Not the least obeisance made he; not a minute stopped or stayed he;
But, with mien of lord or lady, perched above my chamber door – ”
“But the Raven, sitting lonely on the placid bust, spoke only
That one word, as if his soul in that one word he did outpour.”
The embers of the fire assume the properties of a ghost.
“And the silken sad uncertain rustling of each purple curtain”
A human quality of being uncertain is attributed to the curtains.
A sinister form of exaggeration, a human voice seems to be murmuring back without any human presence.
“Then this ebony bird beguiling my sad fancy into smiling,”
An inanimate object is given the human ability of smiling.
As of some one gently rapping, rapping at my chamber door –
“‘Tis some visitor,” I muttered, “tapping at my chamber door -“
The narrator compares the tapping sound (of the raven) with that of a human tapping, it’s not actually the sound of tapping, but he feels as if he heard a knock on the door.
Another mythological allusion in which the narrator demands of the ominous bird to “Tell me what thy lordly name is on the Night’s Plutonian shore!” Pluto is the Greek god the Underworld. The underworld is a dark dismal place, which is the present state of mind of the narrator as he languishes between life and death. The word “shore” may also be an allusion to the River Styx, which subsisted between the Earth and the Underworld. The river was navigated by Charon, the ferryman who channeled deceased souls from the earthly shore to the Underworld. This too conveys the narrator’s internal torment.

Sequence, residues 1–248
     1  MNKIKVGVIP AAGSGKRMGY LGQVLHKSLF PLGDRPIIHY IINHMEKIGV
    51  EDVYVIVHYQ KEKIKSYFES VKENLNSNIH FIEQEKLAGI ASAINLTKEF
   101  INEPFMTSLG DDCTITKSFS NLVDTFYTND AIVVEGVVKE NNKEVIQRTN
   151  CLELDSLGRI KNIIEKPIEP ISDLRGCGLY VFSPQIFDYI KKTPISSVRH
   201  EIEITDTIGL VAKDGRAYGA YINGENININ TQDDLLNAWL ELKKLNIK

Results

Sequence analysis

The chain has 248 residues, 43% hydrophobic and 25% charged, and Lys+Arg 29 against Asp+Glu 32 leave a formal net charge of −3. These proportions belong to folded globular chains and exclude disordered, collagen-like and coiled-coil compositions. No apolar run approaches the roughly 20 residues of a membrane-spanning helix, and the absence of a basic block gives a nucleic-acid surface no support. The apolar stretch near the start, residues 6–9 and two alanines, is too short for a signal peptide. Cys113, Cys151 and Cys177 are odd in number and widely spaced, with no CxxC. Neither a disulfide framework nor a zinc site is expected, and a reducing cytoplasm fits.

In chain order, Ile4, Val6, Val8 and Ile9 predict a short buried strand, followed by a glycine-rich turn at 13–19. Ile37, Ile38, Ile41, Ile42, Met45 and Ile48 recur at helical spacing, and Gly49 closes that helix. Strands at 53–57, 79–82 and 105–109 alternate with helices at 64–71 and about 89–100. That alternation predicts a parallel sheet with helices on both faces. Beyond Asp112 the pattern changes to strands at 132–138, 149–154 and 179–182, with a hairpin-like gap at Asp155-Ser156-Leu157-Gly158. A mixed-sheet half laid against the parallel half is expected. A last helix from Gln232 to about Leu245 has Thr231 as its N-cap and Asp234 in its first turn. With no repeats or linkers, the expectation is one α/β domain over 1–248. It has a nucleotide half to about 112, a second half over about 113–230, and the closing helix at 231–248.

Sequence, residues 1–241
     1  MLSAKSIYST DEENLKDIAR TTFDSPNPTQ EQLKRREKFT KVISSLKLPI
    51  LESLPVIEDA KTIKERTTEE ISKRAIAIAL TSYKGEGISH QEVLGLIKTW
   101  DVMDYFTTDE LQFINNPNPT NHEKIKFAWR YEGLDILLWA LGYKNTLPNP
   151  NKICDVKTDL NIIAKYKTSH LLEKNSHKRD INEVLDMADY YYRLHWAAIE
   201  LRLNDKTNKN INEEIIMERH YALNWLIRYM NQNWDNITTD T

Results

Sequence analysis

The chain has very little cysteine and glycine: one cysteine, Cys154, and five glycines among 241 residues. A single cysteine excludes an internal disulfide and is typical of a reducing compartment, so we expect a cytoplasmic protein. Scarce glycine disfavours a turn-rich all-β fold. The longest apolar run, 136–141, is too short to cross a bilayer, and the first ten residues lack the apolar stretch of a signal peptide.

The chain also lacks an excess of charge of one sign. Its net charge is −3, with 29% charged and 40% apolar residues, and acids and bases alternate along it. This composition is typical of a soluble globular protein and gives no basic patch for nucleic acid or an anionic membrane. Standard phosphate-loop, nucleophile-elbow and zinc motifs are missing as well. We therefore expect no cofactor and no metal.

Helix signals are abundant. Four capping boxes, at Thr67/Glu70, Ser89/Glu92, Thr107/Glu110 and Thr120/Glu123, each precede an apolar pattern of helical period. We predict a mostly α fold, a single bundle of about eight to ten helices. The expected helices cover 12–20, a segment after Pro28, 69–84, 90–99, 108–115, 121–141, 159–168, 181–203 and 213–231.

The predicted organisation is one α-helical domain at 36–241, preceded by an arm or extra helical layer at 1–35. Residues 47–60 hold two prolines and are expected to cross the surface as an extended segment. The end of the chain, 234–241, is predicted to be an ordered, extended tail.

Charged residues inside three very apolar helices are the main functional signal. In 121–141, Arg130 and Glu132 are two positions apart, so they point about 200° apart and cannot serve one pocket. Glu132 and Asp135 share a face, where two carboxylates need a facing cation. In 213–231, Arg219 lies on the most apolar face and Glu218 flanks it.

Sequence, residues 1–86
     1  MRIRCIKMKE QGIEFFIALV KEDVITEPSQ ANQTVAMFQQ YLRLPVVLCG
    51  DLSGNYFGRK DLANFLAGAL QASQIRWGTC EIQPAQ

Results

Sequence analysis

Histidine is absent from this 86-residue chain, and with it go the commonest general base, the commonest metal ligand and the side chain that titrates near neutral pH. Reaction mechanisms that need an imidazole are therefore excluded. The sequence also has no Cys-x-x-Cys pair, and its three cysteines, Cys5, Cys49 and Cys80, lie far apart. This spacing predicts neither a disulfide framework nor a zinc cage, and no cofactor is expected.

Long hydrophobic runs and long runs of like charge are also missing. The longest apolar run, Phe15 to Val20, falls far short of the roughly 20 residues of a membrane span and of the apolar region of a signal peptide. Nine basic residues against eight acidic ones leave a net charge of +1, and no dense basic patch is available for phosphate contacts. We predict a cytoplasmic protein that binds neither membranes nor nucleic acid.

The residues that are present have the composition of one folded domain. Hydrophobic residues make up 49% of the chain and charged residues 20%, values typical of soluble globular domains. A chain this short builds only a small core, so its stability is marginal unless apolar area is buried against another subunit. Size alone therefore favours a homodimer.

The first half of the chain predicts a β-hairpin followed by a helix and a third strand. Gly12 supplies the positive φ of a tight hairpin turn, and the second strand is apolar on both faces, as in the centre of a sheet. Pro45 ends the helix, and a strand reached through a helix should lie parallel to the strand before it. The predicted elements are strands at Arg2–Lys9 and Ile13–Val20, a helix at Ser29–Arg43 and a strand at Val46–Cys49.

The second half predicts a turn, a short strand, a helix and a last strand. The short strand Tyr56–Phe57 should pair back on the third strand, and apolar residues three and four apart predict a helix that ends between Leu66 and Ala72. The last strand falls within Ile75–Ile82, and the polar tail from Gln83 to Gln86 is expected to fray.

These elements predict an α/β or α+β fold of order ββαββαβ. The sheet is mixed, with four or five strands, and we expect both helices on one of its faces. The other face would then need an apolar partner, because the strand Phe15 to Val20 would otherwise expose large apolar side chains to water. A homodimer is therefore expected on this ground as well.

The biblical allusion is the reference to “perfumed from an unseen censer/Swung by Seraphim whose foot-falls tinkled on the tufted floor.” In the Bible, these creatures are six-footed and winged. They surround the God’s throne, repeating just one word: “Holy, holy, holy!” In this way, they have something in mutual with the winged raven, who choruses “nevermore.”
In another biblical allusion, the narrator cries out, saying, “is there no balm in Gilead?” this verse is taken from Jeremiah 8:22: “Is there no balm in Gilead; is there no physician there?” The “balm of Gilead” is mentioned several times in the Bible, it is made from the gum of a bush that grows plentifully in Gilead (an area East of the Jordan River) and is used medicinally to heal cuts and wounds. The narrator wants it as a spiritual comfort for his aching soul.